Across the United States, rising income inequality and surging homelessness is leading cities to introduce brutal measures meant to drive out people living on the streets. From hostile architecture like unneeded bike racks to “bum-proof” benches and spikes on every surface imaginable, cities large and small are doing all they can to make life literally unlivable for the already unfortunate indigent population left desperate for a bit of rest.
But now, officials in West Palm Beach, Florida, have devised possibly the cruelest means of dissuading the homeless from sleeping on city property: a never-ending loop of obnoxious, weaponized children’s songs including the infamous Baby Shark.
Leah Rockwell, the city’s Parks and Recreation director, told the Palm Beach Post that the goal is to prevent people from sleeping outside of the glass-walled Waterfront Lake Pavilion, a lavish rental banquet facility that can rake in around $240,000 per year from events, according to the Associated Press.
Songs on the municipal playlist include such dreaded earworms as the auto-tuned abomination Raining Tacos and the infamous Baby Shark, an old campfire sing-along which became viral after South Korean company Pinkfong produced a music video of the sticky, repetitive song.
Rockwell argues that event staff and customers attending weddings, business meetings, bar mitzvahs and birthday celebrations shouldn’t have to trip over homeless people when they leave events at the pavilion, which overlooks the town’s Great Lawn.
Rockwell told the Post:
“People are paying a lot of money to use the facility. Thousands of dollars.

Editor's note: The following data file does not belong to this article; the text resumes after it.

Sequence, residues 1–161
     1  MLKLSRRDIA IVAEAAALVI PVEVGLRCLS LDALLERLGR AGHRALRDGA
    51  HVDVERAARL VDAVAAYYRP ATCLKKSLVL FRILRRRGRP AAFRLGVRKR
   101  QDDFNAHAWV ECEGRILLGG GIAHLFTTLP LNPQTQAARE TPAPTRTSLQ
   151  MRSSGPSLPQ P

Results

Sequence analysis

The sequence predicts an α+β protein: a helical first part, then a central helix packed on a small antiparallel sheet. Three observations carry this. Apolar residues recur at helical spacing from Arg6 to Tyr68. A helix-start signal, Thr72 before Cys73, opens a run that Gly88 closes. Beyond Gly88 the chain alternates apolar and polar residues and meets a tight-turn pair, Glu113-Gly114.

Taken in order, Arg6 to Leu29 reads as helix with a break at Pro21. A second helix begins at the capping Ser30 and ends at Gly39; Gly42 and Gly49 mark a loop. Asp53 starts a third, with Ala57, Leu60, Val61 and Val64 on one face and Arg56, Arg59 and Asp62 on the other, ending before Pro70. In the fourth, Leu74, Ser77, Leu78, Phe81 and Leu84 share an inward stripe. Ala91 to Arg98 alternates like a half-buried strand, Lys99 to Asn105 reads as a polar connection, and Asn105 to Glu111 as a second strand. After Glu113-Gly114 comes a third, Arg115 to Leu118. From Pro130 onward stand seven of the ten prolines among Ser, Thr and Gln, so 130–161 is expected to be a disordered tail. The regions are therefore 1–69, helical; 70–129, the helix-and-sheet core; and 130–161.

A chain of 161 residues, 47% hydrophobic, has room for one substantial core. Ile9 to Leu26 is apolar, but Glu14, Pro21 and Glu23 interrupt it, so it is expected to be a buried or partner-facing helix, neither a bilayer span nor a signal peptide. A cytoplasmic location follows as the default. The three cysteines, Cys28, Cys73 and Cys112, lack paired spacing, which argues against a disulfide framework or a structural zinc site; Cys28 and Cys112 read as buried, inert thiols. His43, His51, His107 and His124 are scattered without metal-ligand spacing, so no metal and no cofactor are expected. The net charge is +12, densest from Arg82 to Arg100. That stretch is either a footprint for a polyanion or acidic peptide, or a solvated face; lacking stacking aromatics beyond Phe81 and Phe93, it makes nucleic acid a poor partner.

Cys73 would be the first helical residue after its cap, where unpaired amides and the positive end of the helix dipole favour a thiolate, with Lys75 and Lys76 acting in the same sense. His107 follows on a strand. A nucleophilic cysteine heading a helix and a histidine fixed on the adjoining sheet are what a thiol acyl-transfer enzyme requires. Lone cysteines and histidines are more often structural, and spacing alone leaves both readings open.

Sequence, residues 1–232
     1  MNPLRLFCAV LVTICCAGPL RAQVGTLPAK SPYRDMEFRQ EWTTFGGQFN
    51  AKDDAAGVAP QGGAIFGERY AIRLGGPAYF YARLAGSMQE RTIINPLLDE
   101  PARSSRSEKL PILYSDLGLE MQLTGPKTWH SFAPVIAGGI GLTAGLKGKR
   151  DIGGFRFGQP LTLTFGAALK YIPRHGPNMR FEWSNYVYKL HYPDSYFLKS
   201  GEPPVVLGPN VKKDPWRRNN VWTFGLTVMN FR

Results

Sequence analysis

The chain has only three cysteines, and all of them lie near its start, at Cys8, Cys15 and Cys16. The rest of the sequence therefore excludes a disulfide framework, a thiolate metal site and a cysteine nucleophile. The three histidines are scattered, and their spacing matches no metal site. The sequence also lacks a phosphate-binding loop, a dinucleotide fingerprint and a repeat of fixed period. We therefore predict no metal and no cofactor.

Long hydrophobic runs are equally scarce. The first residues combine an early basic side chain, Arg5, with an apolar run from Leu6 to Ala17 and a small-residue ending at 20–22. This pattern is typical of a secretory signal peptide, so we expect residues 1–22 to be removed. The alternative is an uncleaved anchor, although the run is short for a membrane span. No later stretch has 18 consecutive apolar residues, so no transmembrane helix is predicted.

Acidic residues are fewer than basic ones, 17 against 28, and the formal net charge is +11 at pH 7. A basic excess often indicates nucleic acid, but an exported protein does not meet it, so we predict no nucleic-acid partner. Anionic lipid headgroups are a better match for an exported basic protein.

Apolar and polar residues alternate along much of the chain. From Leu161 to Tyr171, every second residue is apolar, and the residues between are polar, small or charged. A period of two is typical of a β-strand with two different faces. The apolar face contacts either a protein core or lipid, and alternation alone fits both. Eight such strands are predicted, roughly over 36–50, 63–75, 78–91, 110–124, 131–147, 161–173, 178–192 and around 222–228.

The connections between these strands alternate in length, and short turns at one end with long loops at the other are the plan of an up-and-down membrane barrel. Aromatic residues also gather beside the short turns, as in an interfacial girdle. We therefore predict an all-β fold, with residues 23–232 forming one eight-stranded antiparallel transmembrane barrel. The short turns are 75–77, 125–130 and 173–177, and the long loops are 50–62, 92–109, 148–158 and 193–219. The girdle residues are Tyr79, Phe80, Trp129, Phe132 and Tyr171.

We want to make sure people paying this money had a facility that was clean and open and continue to use it in the future.”
The tactic brings to mind the use of blaring heavy metal music used by U.S. military interrogators to torture prisoners of war and terror suspects in Iraq’s dreaded Abu Ghraib, Afghanistan’s Baghram Air Base, and Guantanamo Bay or the 7-Eleven caught blasting a high pitched piercing sound to keep homeless people away.
In a statement emailed to CBS, a city spokesperson also confirmed that the music is being played on the Great Lawn during the day and night, but only as a “temporary measure.”
The statement read:
“Music is also played overnight on a loop by our pavilion to discourage congregating and, if appropriate, to encourage people to seek safer, more appropriate shelter through the many resources that are available.
The music volume complies with City code, and we are exploring the possibility of having set hours for the Great Lawn and pavilion.”
While the use of the music is planned as a temporary countermeasure against rough sleepers attracted to the facility’s patio, Rockwell hopes that the city will soon formalize hours for the facility to allow the police to enforce trespassing laws against houseless folks near the pavilion.
Illaya Champion told the Post that “it’s wrong” to use the music to chase people away, but he’ll sleep there regardless of the hazard, even if “it’s on and on, the same songs.”
The city’s choice of songs shows that officials have learned from the mistake committed by the City of Lake Worth, which previously attempted to drive homeless people from the town’s Cultural Plaza by blaring classical music. In that case, they ended up enjoying the classical tunes.